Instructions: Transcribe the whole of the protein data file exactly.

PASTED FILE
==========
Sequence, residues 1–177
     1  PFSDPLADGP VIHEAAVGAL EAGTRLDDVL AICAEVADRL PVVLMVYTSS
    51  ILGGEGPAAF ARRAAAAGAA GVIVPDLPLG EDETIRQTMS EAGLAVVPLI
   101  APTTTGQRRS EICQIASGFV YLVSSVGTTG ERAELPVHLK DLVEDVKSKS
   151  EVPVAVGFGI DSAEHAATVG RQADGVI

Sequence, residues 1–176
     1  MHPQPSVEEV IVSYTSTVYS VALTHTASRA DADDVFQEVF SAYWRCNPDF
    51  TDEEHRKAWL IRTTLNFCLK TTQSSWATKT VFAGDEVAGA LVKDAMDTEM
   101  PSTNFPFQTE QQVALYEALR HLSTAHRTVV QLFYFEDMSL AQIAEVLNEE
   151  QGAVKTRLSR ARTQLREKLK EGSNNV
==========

Sequence, residues 1–177
     1  PFSDPLADGP VIHEAAVGAL EAGTRLDDVL AICAEVADRL PVVLMVYTSS
    51  ILGGEGPAAF ARRAAAAGAA GVIVPDLPLG EDETIRQTMS EAGLAVVPLI
   101  APTTTGQRRS EICQIASGFV YLVSSVGTTG ERAELPVHLK DLVEDVKSKS
   151  EVPVAVGFGI DSAEHAATVG RQADGVI

Sequence, residues 1–176
     1  MHPQPSVEEV IVSYTSTVYS VALTHTASRA DADDVFQEVF SAYWRCNPDF
    51  TDEEHRKAWL IRTTLNFCLK TTQSSWATKT VFAGDEVAGA LVKDAMDTEM
   101  PSTNFPFQTE QQVALYEALR HLSTAHRTVV QLFYFEDMSL AQIAEVLNEE
   151  QGAVKTRLSR ARTQLREKLK EGSNNV